As part of a tour conducted of the Shapir factory by the ministry’s Jerusalem district at the end of January, it emerged that the business was continuing to operate without a license; doesn’t have appropriate roofing or a proper washing facility for the mixers; and was creating clouds of dust. 

Home sweet homes 

According to the Central Bureau of Statistics, the number of apartments in Jerusalem stands at about 241,000 – an addition of 40,600 apartments in a decade, or 20% since 2012. This places Jerusalem first in the country for the number of apartments. However, so far there hasn’t been any impact on lowering the prices of apartments in the capital. 

Night at the museum

Until the end of March, the Tower of David Museum is opening its ancient gates at night. Visitors can go up to the Phasael Tower and get a panoramic 360-degree view of the city under the starry Jerusalem skies, join a guided tour and learn about the Kishle excavations – where a prison was built on top of King Herod’s palace – and see what the city was like 150 years ago.

The programs include a Bird’s Eye View of Jerusalem, a guided tour starting from the Phasael Tower and continuing to the “Bird’s Eye View” model of Jerusalem in the 19th century, which sheds light on a moment in time when Jerusalem started to develop outside the Old City walls. Participants can identify the buildings that have stood for hundreds of years and see the urban development the city has undergone in just a century and a half.

Another tour is The Mystery of King Herod’s Palace and the Kishle, which also starts from the top of the Phasael Tower, which was built by Herod about 2,000 years ago. The tour continues to the moat of the citadel. From there, visitors can step back in time through the monumental steps in King Herod’s pools to the Kishle excavations, which have revealed the secrets of the city from the time of the Second Temple. 

The night tours take place from 6:30-9:30 p.m. Only the east side of the citadel will be open, which includes the moat and the Kishle excavations. Guided tours will leave at 7:00 and 8:00. Tickets are NIS 40 in advance, and NIS 20 without a guided tour.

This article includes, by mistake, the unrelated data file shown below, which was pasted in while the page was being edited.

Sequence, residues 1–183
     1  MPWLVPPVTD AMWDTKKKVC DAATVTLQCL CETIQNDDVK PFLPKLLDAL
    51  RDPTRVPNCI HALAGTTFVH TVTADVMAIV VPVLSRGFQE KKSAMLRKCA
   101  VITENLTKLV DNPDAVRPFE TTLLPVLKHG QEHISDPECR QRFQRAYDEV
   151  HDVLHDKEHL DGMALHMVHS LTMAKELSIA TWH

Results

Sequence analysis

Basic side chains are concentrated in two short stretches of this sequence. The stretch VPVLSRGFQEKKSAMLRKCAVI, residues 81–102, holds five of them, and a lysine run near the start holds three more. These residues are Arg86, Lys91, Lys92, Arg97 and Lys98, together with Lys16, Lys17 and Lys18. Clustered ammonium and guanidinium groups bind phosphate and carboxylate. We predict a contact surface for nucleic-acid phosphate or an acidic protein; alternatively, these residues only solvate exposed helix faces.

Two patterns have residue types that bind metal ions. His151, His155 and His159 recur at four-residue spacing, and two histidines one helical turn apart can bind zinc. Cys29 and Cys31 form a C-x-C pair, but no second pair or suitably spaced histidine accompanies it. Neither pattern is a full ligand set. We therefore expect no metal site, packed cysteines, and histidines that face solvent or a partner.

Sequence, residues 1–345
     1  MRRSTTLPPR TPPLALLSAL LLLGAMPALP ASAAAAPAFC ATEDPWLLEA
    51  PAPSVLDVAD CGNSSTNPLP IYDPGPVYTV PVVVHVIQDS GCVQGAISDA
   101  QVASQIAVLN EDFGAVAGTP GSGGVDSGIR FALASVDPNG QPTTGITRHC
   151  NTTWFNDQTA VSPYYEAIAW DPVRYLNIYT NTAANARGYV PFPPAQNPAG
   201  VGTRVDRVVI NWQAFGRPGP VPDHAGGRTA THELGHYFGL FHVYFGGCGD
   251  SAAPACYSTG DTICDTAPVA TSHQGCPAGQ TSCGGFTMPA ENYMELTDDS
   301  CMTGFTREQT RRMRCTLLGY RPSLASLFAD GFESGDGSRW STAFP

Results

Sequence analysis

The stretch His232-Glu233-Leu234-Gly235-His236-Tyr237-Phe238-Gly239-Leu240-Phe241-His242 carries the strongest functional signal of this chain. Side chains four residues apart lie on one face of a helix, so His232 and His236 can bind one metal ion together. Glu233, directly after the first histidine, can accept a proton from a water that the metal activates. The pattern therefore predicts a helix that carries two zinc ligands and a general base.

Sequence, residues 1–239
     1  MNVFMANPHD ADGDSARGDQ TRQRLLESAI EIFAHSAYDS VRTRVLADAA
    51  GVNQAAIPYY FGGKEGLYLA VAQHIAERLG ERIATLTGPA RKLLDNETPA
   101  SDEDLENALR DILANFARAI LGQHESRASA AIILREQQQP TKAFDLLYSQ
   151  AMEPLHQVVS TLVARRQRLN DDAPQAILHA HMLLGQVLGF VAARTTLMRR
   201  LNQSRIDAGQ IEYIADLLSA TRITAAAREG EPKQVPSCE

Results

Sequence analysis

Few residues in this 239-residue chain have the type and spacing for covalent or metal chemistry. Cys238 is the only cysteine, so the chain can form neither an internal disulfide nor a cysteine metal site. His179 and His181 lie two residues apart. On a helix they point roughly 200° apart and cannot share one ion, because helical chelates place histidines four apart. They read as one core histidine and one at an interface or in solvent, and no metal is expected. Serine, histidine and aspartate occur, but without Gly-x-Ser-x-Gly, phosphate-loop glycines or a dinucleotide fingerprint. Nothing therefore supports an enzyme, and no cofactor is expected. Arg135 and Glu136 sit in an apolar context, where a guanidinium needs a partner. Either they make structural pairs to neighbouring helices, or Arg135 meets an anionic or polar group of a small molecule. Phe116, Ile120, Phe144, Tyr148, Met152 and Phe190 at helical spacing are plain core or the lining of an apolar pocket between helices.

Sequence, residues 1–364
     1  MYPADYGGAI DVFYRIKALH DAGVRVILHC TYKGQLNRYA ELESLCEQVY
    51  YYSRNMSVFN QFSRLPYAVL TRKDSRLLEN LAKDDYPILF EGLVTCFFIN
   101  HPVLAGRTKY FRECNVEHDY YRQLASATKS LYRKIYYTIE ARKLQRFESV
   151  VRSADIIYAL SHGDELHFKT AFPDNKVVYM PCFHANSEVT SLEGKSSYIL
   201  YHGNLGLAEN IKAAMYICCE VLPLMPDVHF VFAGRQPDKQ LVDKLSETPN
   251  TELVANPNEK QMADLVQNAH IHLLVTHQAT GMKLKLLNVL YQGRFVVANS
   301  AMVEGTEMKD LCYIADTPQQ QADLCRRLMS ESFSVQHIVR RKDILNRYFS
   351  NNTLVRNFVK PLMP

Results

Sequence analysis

Shabbat wars in Ramat Sharett

Shabbat wars are back, this time in Ramat Sharett, as secular residents have demanded the removal of eruv poles and wires placed by ultra-Orthodox residents without prior coordination. (An eruv eases certain Shabbat restrictions, such as allowing observant Jews to carry items or to use strollers in public.)

It turns out that several eruv columns were recently erected, such as one on David Merets Street and another between the Ramat Sharett neighborhood and Malha, along Golomb Street. 

These eruv poles and wires have to comply with safety rules, and they must be engineer-approved. Eruv poles exist across the city, but time and again ultra-Orthodox residents who don’t trust the eruv set up by the local authority place their own without coordination and authorization, causing tension with the secular residents. 

Interestingly, half a million shekels was invested in creating a map of all the eruv poles and wires to determine which are legal and which are pirated; however, the map was never prepared and, meanwhile, the budget has disappeared.

NII info for east Jerusalem youth 

National Insurance Institute (Bituah Leumi) employees led an outreach activity with high school students in the east Jerusalem neighborhoods as part of the institution’s policy to strengthen ties with the community. During the activity day, NII east Jerusalem branch employees went to schools in the area to talk about the institute and to make available information about the rights granted to residents. The students received an explanation about the Savings for Every Child program and the importance of it as a tool for the next phase of their lives as adults. After that, the speakers gave out Internet codes so the students could sign up online to be updated about everything they need to know regarding how the National Insurance Institute could assist them. ❖